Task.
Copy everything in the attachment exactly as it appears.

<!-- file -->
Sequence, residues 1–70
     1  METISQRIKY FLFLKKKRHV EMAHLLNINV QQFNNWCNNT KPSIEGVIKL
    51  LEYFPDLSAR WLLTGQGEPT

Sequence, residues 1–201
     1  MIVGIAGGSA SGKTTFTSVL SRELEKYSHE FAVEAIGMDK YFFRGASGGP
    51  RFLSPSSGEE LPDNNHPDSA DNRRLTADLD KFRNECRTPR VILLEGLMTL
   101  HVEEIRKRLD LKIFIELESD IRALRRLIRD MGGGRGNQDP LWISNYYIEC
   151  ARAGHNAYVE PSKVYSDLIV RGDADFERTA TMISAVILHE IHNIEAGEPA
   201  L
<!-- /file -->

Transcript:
Sequence, residues 1–70
     1  METISQRIKY FLFLKKKRHV EMAHLLNINV QQFNNWCNNT KPSIEGVIKL
    51  LEYFPDLSAR WLLTGQGEPT

Sequence, residues 1–201
     1  MIVGIAGGSA SGKTTFTSVL SRELEKYSHE FAVEAIGMDK YFFRGASGGP
    51  RFLSPSSGEE LPDNNHPDSA DNRRLTADLD KFRNECRTPR VILLEGLMTL
   101  HVEEIRKRLD LKIFIELESD IRALRRLIRD MGGGRGNQDP LWISNYYIEC
   151  ARAGHNAYVE PSKVYSDLIV RGDADFERTA TMISAVILHE IHNIEAGEPA
   201  L